Posted: Monday 30 July 2012

Use of force and forced entry complaints feature in latest reports from police watchdog

A man who claimed that he had been detained unlawfully by Northern Constabulary has had two out of three complaints rejected by the Police Complaints Commissioner for Scotland.

In his report published this week, Professor John McNeill, examined how Northern Constabulary handled three complaints from a man detained in relation to a suspected breach of the peace in September last year.

He found that the inspector who investigated the complaint of unlawful detention had 'fully and comprehensively' addressed  this in his response to the man by laying out the terms of section 14 of the Criminal Procedure (Scotland) Act 1995. Section 14 allows a police officer to detain a member of the public for the purposes of investigating a crime.  The Commissioner was satisfied that the detention was lawful and went on to conclude that there was therefore no reason for Northern Constabulary to apologise.

At the same time man complained that officers had discriminated against him because of his disability and that his wrists had been injured by handcuffs applied at the time of his detention.

In reviewing these issues, Professor McNeill found no evidence that the man had been discriminated against and included a reference in his report to the vulnerability assessment carried out by the force, which led to a doctor being called and the man subsequently being taken to a local hospital.

He did however find variances between the Scottish Police Services Students' Training Manual and the force's own Custody Care Manual, in relation to the use of force and handcuffs, as well as an inconsistency within the force's guidance itself. As a result, he has asked the force to look again at whether the man should have been handcuffed and has recommended that it amends its Custody Care Manual relating to the use of force, to ensure that it is consistent with the Scottish Police Services Students' Training Manual.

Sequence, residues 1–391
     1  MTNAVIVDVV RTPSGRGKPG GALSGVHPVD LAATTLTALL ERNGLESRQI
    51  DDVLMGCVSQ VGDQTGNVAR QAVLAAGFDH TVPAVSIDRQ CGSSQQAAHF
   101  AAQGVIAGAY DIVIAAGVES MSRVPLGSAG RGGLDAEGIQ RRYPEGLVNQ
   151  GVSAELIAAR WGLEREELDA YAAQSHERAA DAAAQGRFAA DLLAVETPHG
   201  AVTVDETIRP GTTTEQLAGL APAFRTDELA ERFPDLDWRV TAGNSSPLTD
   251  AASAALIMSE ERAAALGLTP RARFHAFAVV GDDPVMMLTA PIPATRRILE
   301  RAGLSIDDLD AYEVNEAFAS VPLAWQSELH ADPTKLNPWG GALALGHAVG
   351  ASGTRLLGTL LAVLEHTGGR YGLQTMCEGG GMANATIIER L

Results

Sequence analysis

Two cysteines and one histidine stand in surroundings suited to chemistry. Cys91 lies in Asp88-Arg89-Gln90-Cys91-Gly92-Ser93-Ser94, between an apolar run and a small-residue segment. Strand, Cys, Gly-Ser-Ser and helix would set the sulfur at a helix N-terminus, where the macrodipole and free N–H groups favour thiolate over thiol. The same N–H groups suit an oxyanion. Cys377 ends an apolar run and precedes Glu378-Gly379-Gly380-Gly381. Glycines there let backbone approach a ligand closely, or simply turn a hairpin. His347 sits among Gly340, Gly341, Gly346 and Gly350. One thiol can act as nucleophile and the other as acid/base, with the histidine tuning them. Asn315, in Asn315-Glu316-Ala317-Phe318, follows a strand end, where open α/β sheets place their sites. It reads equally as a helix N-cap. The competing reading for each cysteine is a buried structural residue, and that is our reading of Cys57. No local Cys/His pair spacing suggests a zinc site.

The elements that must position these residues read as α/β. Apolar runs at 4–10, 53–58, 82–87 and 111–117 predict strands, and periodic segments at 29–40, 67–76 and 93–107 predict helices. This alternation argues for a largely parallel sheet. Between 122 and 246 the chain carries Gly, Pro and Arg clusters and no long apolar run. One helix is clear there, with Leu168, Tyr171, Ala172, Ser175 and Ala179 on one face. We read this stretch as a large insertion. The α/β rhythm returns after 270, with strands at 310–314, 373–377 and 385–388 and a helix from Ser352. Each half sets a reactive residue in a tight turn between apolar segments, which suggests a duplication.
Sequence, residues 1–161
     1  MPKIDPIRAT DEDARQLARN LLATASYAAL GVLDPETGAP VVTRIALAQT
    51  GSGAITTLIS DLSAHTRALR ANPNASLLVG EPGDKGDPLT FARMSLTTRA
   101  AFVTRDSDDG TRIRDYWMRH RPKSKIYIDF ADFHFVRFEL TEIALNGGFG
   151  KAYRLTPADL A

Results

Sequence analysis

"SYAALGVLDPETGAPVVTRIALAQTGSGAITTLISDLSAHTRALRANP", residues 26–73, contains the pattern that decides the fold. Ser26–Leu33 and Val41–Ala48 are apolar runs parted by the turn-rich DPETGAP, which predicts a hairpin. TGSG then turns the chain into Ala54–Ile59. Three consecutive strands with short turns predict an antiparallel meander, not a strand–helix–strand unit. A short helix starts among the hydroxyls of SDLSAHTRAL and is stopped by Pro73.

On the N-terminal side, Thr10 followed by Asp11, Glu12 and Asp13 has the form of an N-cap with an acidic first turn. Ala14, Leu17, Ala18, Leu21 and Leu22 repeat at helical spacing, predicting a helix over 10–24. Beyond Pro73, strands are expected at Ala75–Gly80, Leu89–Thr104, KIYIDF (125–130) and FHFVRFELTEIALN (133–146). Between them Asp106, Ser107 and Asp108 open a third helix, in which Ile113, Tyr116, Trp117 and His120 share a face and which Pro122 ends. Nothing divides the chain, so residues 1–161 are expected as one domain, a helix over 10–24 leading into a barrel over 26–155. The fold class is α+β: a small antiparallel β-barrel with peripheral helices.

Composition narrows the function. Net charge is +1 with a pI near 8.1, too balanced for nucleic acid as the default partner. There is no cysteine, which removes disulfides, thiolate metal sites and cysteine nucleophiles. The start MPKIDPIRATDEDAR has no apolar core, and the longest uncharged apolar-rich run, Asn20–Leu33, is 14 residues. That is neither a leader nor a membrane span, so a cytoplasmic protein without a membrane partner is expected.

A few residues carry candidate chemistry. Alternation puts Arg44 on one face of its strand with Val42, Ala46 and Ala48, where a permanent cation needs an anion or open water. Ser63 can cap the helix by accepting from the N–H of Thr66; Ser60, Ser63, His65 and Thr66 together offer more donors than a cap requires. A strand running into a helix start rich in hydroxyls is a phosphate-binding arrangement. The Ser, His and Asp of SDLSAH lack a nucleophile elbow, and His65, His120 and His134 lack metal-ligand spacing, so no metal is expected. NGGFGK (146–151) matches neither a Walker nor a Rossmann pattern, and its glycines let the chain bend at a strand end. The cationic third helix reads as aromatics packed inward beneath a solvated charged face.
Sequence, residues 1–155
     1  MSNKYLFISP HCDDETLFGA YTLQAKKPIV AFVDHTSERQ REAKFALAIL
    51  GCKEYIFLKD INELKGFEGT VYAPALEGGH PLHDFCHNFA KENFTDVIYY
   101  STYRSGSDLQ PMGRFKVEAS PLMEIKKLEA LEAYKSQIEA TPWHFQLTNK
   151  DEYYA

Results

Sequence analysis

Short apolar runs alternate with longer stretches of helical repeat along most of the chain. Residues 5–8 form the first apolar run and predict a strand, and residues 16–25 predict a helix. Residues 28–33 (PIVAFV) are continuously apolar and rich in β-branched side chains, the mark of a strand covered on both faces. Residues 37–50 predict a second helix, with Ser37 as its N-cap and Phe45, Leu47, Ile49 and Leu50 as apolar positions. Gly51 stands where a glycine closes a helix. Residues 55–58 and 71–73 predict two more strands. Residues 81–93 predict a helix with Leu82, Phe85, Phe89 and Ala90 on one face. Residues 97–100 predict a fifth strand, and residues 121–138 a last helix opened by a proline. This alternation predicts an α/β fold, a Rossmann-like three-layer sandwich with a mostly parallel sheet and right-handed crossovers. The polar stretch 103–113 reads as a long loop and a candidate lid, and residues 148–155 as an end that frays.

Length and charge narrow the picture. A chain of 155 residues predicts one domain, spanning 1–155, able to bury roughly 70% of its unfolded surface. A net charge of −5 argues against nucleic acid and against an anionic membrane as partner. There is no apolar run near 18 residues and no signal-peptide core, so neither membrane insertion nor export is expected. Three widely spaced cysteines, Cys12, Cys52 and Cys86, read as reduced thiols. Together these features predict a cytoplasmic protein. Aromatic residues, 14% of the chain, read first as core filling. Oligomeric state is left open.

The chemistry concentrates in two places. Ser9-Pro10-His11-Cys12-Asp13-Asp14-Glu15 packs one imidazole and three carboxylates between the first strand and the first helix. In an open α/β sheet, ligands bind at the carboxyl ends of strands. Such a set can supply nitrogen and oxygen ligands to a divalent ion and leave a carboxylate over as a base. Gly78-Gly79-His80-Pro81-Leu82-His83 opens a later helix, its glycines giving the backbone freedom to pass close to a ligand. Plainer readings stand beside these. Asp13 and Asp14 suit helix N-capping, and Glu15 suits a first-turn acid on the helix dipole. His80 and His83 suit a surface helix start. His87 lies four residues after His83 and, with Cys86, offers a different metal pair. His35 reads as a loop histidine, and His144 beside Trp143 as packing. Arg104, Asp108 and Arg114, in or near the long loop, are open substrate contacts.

Professor McNeill said: "The responsibility and accountability for the use of force should rest with those using that force, in this case the officers involved. I readily acknowledge that this will often be a careful balancing exercise for the officers, who will be required to take all relevant factors into account. That makes it all the more important that the guidance available to them is clear, unambiguous and consistent."

As well as reviewing the way that a complaint has been handled, the Commissioner can make recommendations to the police as part of his remit of driving up standards in police complaints handling.

In one such case published this month, Professor McNeill has asked Tayside Police to provide a further response to a man who had complained that officers, forced entry without warning and that damage caused was not subsequently repaired properly. The Commissioner has recommended that the response specifically addresses whether the man should have been given a warning by the officers in possession of a warrant granted by a Sheriff under the Misuse of Drugs Act 1971, that entry would forced and the responsibility, if any, that lies with Tayside Police for making good the damage to the door.

This month the Commissioner published eight reports, known as complaint handling reviews, containing 30 individual complaints. Nineteen were found to have been handled reasonably by the police and the remaining 11 were not.

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